Buff Headwear Confronts Knockoff Challenges in Europe

You know you're a success when knockoffs start appearing on the market. Hmm, well sort of. Begun in Spain eight years ago and now sold all over Europe, Buff headwear has seen two companies start to produce their own version of the multi-functional seam-free microfiber wind-resistant tube that can be a hat, a scarf, a headband, a balaclava, or a scrunchie, among other things.
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You know you're a success when knockoffs start appearing on the market. Hmm, well sort of.

Begun in Spain eight years ago and now sold all over Europe, Buff
headwear has seen two companies start to produce their own version of
the multi-functional seam-free microfiber wind-resistant tube that can
be a hat, a scarf, a headband, a balaclava, or a scrunchie, among other
things.

SNEWS® spied what appeared to be the Buffs -- with similar packaging
also -- while at the ispo trade show in Munich, Germany, earlier this
month and stopped dead, unsure what to think. We of course assumed that
Buff would be patented, so how could another company sell and market a
similar product? Especially since the Buff cardboards say "patented
model" on them.

But, no, there are no patents, and patent experts have apparently told
the company that a seamfree tube of microfiber -- like a T-shirt or a
baseball-style cap -- can't be patented. The wording on the package,
which implies a patent, comes from Spain, where the product originated
and the founder did apply for and receive a Spanish patent, U.S.
representative Julian Peppit told SNEWS®. But it hasn't held up since
then, Peppit said. What the company has done is copyright and trademark
all the tricks of merchandising, packaging, slogans, and demo videos
and presentation wording, especially the rather catchy and humorous
demo for which Peppit and his colleague Simon Sledmore are well-known
(If you haven't seen it, it's a must. Go to www.buffusa.com and click on How to Wear a Buff.)

This knock-off business "does in fact lend more weight to the fact that
multi-functional headwear is here to stay," Peppit said, looking on the
bright side for the simple product they call "multifunctional headwear."

Debuted in the United States to great success not much more than a year
ago, Buff -- official Survivor contestant gear -- received its greatest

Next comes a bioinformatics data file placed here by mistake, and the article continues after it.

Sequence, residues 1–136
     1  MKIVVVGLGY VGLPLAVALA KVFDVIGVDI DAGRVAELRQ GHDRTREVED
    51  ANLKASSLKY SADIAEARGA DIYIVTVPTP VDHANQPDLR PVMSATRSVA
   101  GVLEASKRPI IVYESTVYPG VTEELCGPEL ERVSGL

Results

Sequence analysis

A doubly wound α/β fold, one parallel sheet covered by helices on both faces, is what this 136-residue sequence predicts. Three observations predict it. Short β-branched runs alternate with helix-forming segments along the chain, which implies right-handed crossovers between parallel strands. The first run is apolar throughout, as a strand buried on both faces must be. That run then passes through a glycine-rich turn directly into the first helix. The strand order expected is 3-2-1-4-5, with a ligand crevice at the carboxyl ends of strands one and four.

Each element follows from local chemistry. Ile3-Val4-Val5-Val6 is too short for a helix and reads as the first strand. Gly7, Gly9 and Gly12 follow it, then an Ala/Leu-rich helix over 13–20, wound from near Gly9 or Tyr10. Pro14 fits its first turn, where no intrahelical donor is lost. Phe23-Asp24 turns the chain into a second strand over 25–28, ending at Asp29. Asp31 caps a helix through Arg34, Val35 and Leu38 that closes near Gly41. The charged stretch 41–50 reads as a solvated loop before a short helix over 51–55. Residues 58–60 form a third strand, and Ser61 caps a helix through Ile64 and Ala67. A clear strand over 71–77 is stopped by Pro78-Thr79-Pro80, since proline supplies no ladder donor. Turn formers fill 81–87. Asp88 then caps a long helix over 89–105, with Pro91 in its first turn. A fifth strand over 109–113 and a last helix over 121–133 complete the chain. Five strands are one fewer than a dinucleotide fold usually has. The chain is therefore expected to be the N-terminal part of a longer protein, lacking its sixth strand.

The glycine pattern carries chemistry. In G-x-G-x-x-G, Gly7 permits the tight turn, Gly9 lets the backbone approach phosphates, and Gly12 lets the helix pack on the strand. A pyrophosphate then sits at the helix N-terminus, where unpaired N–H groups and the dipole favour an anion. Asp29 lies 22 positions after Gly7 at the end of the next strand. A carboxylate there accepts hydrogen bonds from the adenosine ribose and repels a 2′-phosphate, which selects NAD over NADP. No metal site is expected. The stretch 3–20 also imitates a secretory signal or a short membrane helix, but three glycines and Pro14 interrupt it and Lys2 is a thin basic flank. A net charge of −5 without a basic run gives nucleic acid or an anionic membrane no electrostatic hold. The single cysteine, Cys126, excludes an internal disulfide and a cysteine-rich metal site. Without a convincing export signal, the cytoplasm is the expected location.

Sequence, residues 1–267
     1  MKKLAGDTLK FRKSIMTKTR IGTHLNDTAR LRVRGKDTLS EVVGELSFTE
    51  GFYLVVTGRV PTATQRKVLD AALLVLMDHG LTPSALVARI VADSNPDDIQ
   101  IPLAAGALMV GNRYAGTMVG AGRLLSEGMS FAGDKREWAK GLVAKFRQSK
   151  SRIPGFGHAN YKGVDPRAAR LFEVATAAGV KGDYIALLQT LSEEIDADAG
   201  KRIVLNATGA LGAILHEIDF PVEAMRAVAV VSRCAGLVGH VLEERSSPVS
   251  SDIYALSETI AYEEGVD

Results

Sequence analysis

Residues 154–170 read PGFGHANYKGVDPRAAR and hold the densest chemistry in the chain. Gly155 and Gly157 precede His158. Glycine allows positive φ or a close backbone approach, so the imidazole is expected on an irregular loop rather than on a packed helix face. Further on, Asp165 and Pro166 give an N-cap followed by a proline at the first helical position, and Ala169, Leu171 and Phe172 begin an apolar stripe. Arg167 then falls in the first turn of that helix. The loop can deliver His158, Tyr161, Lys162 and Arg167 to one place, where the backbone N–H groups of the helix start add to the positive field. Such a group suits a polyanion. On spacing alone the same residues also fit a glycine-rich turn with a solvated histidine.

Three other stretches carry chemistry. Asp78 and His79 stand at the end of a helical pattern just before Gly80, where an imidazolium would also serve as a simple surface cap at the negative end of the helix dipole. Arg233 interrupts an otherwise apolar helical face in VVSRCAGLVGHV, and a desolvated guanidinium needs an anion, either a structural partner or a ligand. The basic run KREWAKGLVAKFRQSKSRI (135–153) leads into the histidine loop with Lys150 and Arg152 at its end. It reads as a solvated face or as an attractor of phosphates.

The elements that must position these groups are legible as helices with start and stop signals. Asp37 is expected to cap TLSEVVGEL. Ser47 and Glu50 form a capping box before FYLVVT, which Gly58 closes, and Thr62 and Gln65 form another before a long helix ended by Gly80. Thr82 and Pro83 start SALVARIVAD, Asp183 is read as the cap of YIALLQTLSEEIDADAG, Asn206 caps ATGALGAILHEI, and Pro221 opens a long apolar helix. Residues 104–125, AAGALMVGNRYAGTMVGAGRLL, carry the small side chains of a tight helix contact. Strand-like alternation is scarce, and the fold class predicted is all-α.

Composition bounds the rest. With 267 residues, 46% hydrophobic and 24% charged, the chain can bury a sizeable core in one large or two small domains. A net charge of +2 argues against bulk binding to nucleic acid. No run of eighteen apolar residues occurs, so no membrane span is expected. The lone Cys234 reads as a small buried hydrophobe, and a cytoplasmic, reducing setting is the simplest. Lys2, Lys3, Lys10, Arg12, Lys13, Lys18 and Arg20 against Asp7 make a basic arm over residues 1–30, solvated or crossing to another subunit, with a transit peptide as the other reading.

promotional kick here when it was mentioned and used by name four times
during the last Survivor TV show series. One mention, complete with
snippits of Peppit's hilarious presto-chango act with the headwear,
garnered some $50,000 in sales through the CBS web site that night
alone.

But despite that success, they have barely scratched the surface of the
U.S. market, where they've been on track but with only about 20,000 a
year sold (suggested retail $18.50). That compares to 2 million a year
sold in Europe, mostly in motorbike, cycling and outdoor markets. And
with those kinds of sales and Buff putting in all the money and work
for marketing and promotion, Peppit said, it's clear why other
companies in Europe would decide to try to nab a share -- especially
when they can undercut the Buff price there by 10-15 percent. And
already in Europe, the name "Buff" is becoming slightly generic, like
Kleenex or Hoover, thanks to all the grassroots marketing Buff has done
there.

But the product can't be sold without explanation, which is why Peppit
came up with the demo that explains quickly what you can do with this
tube of fabric. And it's also a product that can't be sold without
enthusiasm -- one dealer in the United Kingdom in a tiny 10-x-15-foot
space has sold some $30,000 retail in Buff headwear in the last eight
months.

"The potential is enormous, if you get behind it," Peppit said.

One competitor is Germany-based ProFeet GmbH, which makes socks and
also distributes gloves and sun-protection products. It calls its
product Multifunctional Lifestyle Headwear and its literature and web
site (www.had-headwear.de)
has drawings that show how it can be worn that are uncannily similar to
Buff's. In a design departure from Buff, however, ProFeet also has
kid's versions, and others with catchy designs by artists Keith Haring
and Herman.

"There's nothing we can do about
that," Peppit said about the competition. His goal now is to simply run
faster and farther than the competition while also being more creative.

SNEWS® View:
Until the market gets larger in the United States, we doubt we'll see
knockoffs flourish here. A smart marketing guy will realize that
copycats can actually help broaden a market for the product, although
it's tough to see your marketing investment help somebody else's
business. We tried one of the copycats, and although it looked and felt
identical, there must have been something different with the knit
because it was quite snug -- nearly annoyingly snug -- when worn as a
headband. Like many copycat products, there can be just enough not
quite right with its manufacturing, that the original may win out in
the long run -- despite a slightly higher price.

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